• Walnut Hills Elementary School

    Image of new innovation space at Walnut Hills logos

    All kinds of learning were occurring simultaneously during a fall afternoon in the Innovation Space at Walnut Hills Elementary School.  In the Maker Space, students were hard at work assembling projects that Students spread out and work on individual projects in school's new maker space. detailed their family roots, drawing involved pictures and assembling pieces of artwork rendered of cardboard, construction paper and other materials. Nearby, students in the tech lab had access to all the latest technology, surfing the web on tablets and PCs to research class projects. Other groups took advantage of presentation spaces in the school library, while others opted to work on solo projects in “campfire” nooks, cozy corners designed to encourage individual reading and learning.

    The dozens of students in the space were engaged in different projects and varying modes of learning, but they all worked together seamlessly.Students gather around a semi-circle of cushioned seating to discuss a project

    “The feel of this space changes our students’ mindsets,” said Walnut Hills Principal Teolyn Bourbonni. “They’re learning, they’re engaged. There’s a buzz, there’s a synergy. No matter what they’re thinking or how they learn, their ideas can come to life.”

    What was once a simple library space at the school received a major overhaul during the summer of 2018, and now Walnut Hills offers students a space that fits a broad spectrum of learning needs and styles. In addition to the addition of maker spaces, presentation spaces and the tech lab, the construction included opening up the building to outdoor sources of light – what was once a brick wall now features large windows that open up the mood of the space.

    It's made a difference for students like Harper Scholl and Chloe Seppala, Walnut Hills fourth-graders who were hard at work on their family history project.Students sketch a design in their new maker sapce.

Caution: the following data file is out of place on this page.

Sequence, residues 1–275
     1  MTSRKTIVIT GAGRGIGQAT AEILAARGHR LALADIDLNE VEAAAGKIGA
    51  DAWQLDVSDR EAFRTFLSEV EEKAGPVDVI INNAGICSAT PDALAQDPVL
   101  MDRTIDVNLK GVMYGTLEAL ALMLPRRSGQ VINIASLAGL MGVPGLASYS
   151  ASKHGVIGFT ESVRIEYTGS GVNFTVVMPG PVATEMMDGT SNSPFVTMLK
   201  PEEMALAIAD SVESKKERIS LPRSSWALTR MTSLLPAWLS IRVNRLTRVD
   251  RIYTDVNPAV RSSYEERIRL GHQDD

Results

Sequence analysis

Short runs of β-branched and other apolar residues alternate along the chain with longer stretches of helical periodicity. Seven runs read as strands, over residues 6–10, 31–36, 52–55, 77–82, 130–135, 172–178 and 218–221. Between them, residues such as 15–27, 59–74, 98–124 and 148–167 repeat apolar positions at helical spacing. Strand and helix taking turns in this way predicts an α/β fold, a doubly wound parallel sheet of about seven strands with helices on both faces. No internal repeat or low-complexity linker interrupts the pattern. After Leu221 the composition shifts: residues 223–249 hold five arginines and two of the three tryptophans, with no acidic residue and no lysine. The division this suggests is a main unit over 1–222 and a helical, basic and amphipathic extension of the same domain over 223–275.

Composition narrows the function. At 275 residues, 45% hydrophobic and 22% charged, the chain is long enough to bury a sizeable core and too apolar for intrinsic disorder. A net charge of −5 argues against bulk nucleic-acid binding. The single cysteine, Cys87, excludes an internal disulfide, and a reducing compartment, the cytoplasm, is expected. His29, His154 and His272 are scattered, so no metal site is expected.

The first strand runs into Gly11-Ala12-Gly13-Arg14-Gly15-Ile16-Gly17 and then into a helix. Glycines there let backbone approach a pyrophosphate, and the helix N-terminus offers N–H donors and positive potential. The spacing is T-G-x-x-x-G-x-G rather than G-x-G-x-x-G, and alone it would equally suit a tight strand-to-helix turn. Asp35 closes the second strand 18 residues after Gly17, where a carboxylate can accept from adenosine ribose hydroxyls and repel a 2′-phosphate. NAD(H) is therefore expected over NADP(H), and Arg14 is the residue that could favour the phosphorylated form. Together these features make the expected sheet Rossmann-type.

“It’s easier to work in these spaces,” Scholl said. “We have a quiet room, we have a maker space, we have a lab. It’s really flexible.”

    Similar spaces will go up in every elementary and middle school in the Cherry Creek School District, and came through funding approved by voters in 2016. The spaces are designed to develop skills like collaboration, inquiry, empathy, problem-solving, curiosity, innovative thinking and passion. According to the latest academic research, as well as firsthand input from parents, teachers and other members of the CCSD community garnered during theA team of three boys park on the floor in the library to colaborate on their cardboard project.  Cherry Creek 2021 initiative, these are the skills that are integral to preparing students for a 21st-century academic and professional landscape.

    “We worked with business, we worked with industry and we worked with colleges when we created the focus of what our innovation spaces would be. The goal is helping our students become critical thinkers,” Siegfried said. “We want them to use knowledge in different ways, and we want them to learn to effectively learn to work with other people.” Siegfried added that every innovation space was designed to meet the unique needs of every separate school and community.

    “One of the greatest parts of our innovation work is allowing every school, every principal, every student and every community to be engaged in what innovation should look like at their school,” Siegfried said. “This is the next iteration of excellence.”

    "Our maker space allows for kids to bring their ideas to life. They love that they can be messy Principal Bourbonnie works with students in maker space and creative.  I have found that our students have a new level of excitement and energy when it comes to learning and caring for each other in our space."

    -Principal Teolyn Bourbonnie


Last Modified on February 27, 2020